It’s high time Utah broke free from this country and went its own way. I’ll fully support their right to do so.
As long as they grant me a green card.
This poll by Scott Rasmussen for the Deseret News is … odd, in that it attempts to capture reaction to Romney’s impeachment vote by offering a variety of positive and negative words instead of a traditional “Do you support or oppose it?” question. Are you proud, encouraged, or pleased to have Romney as your senator now that he’s voted to remove Trump, asked Rasmussen, or are you disappointed, embarrassed, or angry? That was apparently his way of trying to capture the small but meaningful cohort of voters who may not have agreed with Romney on the merits but nonetheless respected the political courage he showed in crossing Trump.
I would have guessed 40/60 or thereabouts in a state this red, even allowing for the fact that Utah is more skeptical of Trump than the average Republican state. Wrong.
As you might expect, partisan reaction differed dramatically. Democrats split 83/13 on positive versus negative reaction to Romney’s vote. Republicans split 31/60 — which is much more positive than you’d expect given how Republicans nationally felt about impeachment (just seven percent said Trump should be removed in the latest YouGov poll) but still a two-to-one ratio of negative to positive. Romney’s overall approval rating also dropped (slightly) too while Trump’s approval rating rose (slightly).
As for the more salient question of what this means for his next Senate race, Utahns split almost evenly, 36/37, on whether his vote makes it more or less likely that they’ll vote for him. But that result also has a sharp partisan divide, of course: Just 23 percent of Republicans are now more likely to vote for Romney versus 56 percent who are less likely. The reason the overall margin is tight is because many Democrats are now more likely to vote for him than they used to be. Or at least to say that they’re more likely.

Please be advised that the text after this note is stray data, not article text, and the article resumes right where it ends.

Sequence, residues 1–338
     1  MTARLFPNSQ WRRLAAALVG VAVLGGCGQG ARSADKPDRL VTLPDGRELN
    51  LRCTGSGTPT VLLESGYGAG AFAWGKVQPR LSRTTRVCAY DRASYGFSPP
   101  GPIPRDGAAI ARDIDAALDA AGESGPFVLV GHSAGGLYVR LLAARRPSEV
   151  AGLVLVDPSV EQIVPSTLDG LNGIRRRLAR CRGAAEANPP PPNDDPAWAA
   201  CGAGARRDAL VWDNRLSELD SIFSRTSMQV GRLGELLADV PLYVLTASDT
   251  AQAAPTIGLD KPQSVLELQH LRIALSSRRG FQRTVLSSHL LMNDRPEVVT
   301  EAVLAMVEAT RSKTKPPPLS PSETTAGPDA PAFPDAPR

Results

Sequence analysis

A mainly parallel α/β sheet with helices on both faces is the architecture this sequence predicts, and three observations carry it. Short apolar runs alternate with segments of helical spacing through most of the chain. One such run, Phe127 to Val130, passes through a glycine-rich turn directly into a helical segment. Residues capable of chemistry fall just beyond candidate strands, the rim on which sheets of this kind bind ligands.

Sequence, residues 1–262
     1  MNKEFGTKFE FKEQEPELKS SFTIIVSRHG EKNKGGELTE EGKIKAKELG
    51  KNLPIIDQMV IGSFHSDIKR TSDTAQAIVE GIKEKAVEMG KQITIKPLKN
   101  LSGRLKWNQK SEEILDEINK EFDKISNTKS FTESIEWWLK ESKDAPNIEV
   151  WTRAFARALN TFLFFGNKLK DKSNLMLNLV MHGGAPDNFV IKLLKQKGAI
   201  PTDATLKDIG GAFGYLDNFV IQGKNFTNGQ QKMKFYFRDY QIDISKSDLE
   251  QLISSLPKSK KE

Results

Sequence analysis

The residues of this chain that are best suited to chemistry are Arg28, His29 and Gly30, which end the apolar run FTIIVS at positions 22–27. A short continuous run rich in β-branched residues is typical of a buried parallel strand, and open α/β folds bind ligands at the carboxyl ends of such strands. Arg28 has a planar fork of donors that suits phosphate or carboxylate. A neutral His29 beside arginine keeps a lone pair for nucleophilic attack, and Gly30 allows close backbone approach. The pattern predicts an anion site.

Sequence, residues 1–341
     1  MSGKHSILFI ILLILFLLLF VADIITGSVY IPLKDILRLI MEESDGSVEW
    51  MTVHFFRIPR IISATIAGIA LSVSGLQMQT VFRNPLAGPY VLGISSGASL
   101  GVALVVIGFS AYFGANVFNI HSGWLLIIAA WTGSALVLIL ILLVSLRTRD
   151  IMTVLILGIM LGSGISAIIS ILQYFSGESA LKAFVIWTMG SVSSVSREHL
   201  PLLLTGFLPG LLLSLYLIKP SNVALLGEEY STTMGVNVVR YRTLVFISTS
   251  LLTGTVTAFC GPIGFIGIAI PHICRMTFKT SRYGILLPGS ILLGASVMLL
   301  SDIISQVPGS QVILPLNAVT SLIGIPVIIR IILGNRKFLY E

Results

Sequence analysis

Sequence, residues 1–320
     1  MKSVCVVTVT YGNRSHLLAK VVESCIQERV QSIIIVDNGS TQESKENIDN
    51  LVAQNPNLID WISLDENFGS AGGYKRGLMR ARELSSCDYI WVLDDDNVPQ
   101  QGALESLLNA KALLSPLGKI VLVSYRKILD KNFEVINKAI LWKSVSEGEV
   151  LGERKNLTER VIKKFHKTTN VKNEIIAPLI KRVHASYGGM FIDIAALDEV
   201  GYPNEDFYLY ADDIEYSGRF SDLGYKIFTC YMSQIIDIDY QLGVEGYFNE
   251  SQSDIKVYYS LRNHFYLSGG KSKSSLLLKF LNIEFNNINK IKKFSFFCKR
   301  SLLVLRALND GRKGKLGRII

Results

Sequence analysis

But c’mon. No Utah Dems are crossing the aisle to vote for Mitt in 2024, whether or not they’re marginally more “likely” to do so. The 2012 election showed us what lefties think of Romney when something meaningful is on the line. And in the meantime, a 23/56 split within his own party — the party that dominates the state — is good news for potential primary challengers. This poll is encouraging for him in the sense that the bottom hasn’t dropped out of his support but clearly he has work to do to rebuild bridges.
Might not be easy!
I have officially submitted a resolution for the Utah GOP State Central Committee to formally censure Senator @MittRomney for his vote to remove @realDonaldTrump. #Trump2020 #ImpeachmentTrialSham #DonaldTrump #AcquittedForever pic.twitter.com/aFel6muxWn
— Brandon Beckham (@BrandonBeckham) February 8, 2020
Is Mike Lee going to be censured retroactively too for going nuclear on Trump’s aides after the Iran briefing last month? What about for the various times Lee has voted against Trump on war powers? What about the fact that Lee votes with Trump overall less often than Romney does? What about the time Lee led the charge on the convention floor in 2016 to try to deny Trump the delegates he needed for the nomination?
A lot of heretics need excommunication. Starting with Romney is fine but surely we can’t finish with him.
One way to process the Rasmussen data above is to look back a few weeks to how impeachment was polling in Utah before Romney made up his mind. In January the Salt Lake Tribune found Utahns decisively opposed to removing Trump, 35/59, with all but five percent of that latter group claiming they were “strongly” opposed to it. To turn around a few weeks later and have 49 percent reacting positively to Romney’s vote versus 40 percent reacting negatively is a testament to the esteem in which Romney is held and/or the public’s grudging respect for how difficult it was for a Republican senator to cast a vote this momentous in a spot like that. I guess all of those news stories over the past week quoting Utahns as seeming mildly approving, or at least understanding, of his decision weren’t as far off the mark as I assumed.
Exit quotation from Politico: “Sens. Mitt Romney (R-Utah) and Ben Sasse (R-Neb.) on a JetBlue flight from Palm Beach to DCA on Monday morning. Romney received a round of applause from passengers as he was waiting to deplane, per our tipster.”